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1) The Serbs insist on thorough investigation
But to no avail.
Dr. Karadzic's letter to the U.N.
Dr. Karadzic's letter to Clinton and Yeltsin
2) NATO finds new reason to exist
The truth never mattered for the Machiavellians. NATO issues an ULTIMATUM to the Serbs.
PRESS RELEASE (94)15 9th February 1994
DECISIONS TAKEN AT THE MEETING OF THE NORTH ATLANTIC COUNCIL (NATO) ON 9TH FEBRUARY 1994
(1) expresses its indignation at the indiscriminate attacks which have once again struck the people of Sarajevo in recent days;
(2) notes that the siege of Sarajevo is continuing, and that consequently the Bosnian Serbs bear the main responsibility for the tragic loss of civilian life that results from it;...
(10) decides that, ten days from 2400 GMT 10th February 1994, heavy weapons of any of the parties found within the Sarajevo exclusion zone, unless controlled by UNPROFOR, will, along with their direct and essential military support facilities, be subject to NATO air strikes which will be conducted in close coordination with the UN Secretary General and will be consistent with the North Atlantic Council's decisions of 2nd and 9th August 1993;...
THE PRESIDENT: Good evening. Over the past year, our administration has been working to do what we could to help to end the tragic conflict in Bosnia and to ease the suffering it has caused. Like people everywhere, I was outraged by the brutal killing of innocent civilians in the Sarajevo market last Saturday. The events of the past year and the events of the past few days reenforce the believe that I have that more must be done to stop the shelling of Sarajevo and the murder of innocents.
Therefore, the United States, working with our allies, has developed a series of proposals to address the situation in Sarajevo and to reinvigorate the negotiations to bring the bloodshed and the aggression in Bosnia to an end. As a result, just now in Brussels, NATO has decided that if any Bosnian Serb heavy weapons are found within 20 kilometers of Sarajevo within 10 days -- or after 10 days -- or if there is any further shelling of Sarajevo, NATO commanders stand ready to conduct air strikes against Serb artillery positions. NATO would carry out such strikes in accord with procedures it agreed on last August...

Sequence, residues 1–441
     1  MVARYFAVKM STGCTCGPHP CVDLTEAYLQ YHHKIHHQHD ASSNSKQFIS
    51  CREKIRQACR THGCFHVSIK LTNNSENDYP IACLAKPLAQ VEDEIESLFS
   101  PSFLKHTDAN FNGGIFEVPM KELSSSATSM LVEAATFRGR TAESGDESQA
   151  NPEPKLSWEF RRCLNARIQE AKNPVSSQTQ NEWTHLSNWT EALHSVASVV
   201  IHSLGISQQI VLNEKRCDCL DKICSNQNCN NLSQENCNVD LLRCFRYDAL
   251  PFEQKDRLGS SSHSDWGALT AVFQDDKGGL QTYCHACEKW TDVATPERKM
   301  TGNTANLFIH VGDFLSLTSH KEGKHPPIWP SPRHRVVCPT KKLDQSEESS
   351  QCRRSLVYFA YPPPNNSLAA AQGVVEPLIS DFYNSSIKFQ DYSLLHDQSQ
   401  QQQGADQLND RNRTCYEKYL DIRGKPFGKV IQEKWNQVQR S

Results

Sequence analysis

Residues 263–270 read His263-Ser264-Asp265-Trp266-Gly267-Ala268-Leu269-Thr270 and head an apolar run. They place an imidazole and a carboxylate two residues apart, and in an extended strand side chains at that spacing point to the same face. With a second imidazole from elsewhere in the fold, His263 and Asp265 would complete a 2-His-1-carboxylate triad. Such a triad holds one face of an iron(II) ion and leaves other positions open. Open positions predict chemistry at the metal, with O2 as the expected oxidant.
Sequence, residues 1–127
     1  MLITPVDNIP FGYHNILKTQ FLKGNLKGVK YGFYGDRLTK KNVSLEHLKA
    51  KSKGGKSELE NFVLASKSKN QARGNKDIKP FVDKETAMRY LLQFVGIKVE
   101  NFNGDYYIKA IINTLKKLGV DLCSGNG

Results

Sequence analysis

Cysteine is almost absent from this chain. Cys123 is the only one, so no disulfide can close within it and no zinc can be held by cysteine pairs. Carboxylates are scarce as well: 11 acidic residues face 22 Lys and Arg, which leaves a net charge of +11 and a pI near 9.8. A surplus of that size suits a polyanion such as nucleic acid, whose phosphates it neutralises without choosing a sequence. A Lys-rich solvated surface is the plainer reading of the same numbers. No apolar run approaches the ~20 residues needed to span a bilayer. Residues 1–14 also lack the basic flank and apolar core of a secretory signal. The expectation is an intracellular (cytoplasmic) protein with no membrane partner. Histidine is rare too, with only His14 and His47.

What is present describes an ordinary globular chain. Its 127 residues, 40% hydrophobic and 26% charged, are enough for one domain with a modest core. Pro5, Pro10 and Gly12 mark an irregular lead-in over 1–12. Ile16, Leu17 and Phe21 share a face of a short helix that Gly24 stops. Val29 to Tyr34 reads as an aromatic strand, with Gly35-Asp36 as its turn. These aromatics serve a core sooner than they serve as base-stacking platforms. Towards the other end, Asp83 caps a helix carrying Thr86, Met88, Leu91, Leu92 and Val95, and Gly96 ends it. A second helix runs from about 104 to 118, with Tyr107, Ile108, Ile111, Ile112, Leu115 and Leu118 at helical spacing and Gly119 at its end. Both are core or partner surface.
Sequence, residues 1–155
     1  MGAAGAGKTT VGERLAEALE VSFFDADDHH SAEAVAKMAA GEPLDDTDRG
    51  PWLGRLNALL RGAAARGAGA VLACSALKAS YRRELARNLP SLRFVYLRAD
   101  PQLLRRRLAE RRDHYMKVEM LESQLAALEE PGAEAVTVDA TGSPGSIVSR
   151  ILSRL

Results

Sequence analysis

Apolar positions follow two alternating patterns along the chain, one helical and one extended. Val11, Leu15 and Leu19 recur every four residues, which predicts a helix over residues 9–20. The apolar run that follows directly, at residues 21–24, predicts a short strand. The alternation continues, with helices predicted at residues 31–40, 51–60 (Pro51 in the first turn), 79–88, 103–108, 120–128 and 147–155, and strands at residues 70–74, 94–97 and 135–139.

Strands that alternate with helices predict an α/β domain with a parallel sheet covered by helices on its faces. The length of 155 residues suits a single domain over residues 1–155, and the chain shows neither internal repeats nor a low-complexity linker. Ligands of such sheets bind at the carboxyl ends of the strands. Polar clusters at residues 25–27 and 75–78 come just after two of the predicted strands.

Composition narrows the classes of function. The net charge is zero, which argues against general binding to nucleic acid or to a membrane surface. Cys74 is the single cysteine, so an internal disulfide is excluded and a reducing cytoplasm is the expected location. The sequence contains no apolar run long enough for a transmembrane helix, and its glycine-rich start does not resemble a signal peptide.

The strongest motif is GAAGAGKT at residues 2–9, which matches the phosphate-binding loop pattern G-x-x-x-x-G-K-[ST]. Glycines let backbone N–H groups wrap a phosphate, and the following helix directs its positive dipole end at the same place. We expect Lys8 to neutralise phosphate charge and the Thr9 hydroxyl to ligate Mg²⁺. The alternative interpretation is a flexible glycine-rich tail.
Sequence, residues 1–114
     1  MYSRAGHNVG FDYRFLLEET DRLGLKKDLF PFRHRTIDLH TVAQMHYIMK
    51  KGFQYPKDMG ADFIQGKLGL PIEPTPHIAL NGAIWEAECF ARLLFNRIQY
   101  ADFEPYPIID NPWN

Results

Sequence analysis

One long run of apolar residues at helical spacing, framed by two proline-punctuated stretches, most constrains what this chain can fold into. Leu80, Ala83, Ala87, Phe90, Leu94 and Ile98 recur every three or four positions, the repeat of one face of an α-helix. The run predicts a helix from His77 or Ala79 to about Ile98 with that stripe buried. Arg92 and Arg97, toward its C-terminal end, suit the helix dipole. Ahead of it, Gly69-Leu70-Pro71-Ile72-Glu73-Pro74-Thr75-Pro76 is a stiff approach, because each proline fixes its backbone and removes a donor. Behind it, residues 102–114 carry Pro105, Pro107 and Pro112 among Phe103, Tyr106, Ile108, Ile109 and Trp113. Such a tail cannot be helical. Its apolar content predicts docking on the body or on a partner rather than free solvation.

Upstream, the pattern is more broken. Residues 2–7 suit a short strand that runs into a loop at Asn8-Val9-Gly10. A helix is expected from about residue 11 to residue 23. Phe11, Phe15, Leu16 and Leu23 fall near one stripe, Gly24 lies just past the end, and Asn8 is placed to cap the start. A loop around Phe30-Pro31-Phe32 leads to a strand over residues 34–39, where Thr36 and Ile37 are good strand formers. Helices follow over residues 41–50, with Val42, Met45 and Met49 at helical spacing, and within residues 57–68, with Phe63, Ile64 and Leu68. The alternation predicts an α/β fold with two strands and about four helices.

NATO is now set to act. Anyone -- anyone -- shelling Sarajevo must recognize this fact and be prepared to deal with the consequences...
Our nation has clear interests at stake in this conflict. We have an interest in helping to prevent a broader conflict in Europe; that is most compelling. We have an interest in showing that NATO, history's greatest military alliance, remains a credible force for peace in post-Cold War Europe.
These interests do not justify unilateral American intervention in the crisis, but they do justify the involvement of America and the exercise of our leadership... I have directed the Secretary of State to have the United States play a more active role in the negotiations.
Q: Mr. President, did you talk to President Yeltsin today about this, and what is Russia's reaction to this ultimatum?
THE PRESIDENT: I did not talk to him today, although I tried to for a couple of hours and there were technical problems that we couldn't get through.
Q: Mr. President, can you tell us more about the diplomatic track? Do you have any new initiatives going into the Geneva meetings tomorrow? There have also been reports that you are going to pressure the Bosnian Muslims to back off some of their demands in order to make peace easier.